While writing flash fiction and working on other, longer stories, I wondered about my lack of daily attention to this young blog of mine. Should I force myself to write something every day? Every week? At least once a month?
Checking my old blog, which I began years ago to keep track of everything going on during my journey through breast cancer, I wrote much more frequently. Those posts were purposeful. They contained information and dates which I might possibly need for future reference. I networked with other women experiencing and documenting their own path through breast cancer. Many of them quit blogging entirely after their last chemo treatment, moving onward in their lives.
I continued writing, having formed a kinship with others, joined writing challenges, until finally tapering off – especially since the death of one of my sons.
Most of my blogging acquaintances extended their sympathy to me. Death has an eerie side effect. People are uneasy and don’t know what to say to those who are grieving. It actually takes a bit of bravery to reach out to a grieving person. Yet, one woman reached out to me, after my very first, heart-wrenching account of watching my son die to pancreatic cancer. The woman basically told me to ‘move on, get over it’. Later, I learned, she had never married nor given birth. Only a mother, or father, can imagine the pain I endured.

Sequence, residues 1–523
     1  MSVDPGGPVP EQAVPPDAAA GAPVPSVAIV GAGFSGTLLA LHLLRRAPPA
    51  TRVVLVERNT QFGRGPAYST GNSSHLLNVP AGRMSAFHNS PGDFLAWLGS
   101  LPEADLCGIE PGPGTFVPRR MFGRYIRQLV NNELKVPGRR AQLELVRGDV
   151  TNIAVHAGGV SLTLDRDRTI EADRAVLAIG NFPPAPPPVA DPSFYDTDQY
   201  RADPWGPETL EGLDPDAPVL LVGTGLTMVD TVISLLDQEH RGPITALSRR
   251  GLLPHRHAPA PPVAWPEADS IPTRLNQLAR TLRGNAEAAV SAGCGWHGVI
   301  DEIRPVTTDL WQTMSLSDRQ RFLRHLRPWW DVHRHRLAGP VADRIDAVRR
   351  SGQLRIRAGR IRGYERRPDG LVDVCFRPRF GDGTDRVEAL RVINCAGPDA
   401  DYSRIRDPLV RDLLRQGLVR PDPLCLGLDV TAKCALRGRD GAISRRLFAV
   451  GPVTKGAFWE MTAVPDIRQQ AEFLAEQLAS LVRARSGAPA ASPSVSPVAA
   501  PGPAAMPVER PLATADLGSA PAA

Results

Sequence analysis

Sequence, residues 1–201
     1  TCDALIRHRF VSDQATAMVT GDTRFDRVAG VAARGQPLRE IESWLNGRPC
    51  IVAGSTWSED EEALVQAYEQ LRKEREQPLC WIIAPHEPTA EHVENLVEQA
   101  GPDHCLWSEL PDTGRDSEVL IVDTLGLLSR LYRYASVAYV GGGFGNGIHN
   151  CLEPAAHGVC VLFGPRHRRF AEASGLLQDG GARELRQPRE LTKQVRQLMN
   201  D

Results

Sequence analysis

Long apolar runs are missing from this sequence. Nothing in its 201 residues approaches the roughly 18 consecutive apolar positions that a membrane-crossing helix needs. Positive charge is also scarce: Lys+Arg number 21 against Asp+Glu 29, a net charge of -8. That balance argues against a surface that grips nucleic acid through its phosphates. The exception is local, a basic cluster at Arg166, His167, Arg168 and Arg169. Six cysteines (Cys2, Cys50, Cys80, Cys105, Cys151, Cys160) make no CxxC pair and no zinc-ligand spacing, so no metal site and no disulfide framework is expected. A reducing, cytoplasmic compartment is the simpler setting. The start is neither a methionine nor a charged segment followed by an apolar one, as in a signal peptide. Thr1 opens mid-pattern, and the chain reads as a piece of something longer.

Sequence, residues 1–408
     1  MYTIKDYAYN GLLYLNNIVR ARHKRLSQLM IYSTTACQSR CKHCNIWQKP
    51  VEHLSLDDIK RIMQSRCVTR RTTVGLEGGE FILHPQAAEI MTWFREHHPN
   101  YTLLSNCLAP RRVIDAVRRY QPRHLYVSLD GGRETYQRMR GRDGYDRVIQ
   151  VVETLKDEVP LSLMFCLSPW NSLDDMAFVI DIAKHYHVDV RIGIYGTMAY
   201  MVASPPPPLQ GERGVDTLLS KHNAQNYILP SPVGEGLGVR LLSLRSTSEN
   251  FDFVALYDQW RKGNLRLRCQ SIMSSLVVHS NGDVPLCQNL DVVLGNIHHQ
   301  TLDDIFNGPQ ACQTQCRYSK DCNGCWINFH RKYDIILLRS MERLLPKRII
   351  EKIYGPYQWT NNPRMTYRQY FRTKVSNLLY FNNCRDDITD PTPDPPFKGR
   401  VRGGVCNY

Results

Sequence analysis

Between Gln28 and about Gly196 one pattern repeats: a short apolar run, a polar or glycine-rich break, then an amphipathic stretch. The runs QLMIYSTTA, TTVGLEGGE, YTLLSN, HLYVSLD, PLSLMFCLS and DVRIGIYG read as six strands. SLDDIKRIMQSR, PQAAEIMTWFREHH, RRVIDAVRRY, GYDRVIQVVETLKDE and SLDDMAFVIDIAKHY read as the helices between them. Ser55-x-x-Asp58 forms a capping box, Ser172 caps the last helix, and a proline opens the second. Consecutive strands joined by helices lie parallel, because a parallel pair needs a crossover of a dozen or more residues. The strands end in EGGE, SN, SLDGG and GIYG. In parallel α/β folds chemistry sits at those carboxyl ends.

It is four years now since my son’s death. I have moved on in my life. I will NEVER get over the untimely, gruesome death of my son. Instead, like many others who grieve the loss of a child, grief is an appendage now. It is with me, within me. I learned how to live WITH grief. I do not fight it. It is a part of me. When it screams for attention, I find busy-work to do rather than sit and cry, although, sometimes I still need to cry.
But, I am not writing the story of losing my son for sympathy. I am working on a memoir for the purpose of conveying to others what it was like, and how I learned to live without my son. I am not a writer for glory, fame, nor riches, although the latter would help pay for new windows in our home, I choose to be an advocate to others in whatever way I am able.
Until next time, whenever that may be, surround yourself with love.
“For life and death are one, even as the river and the sea are one.”
– Khalil Gibran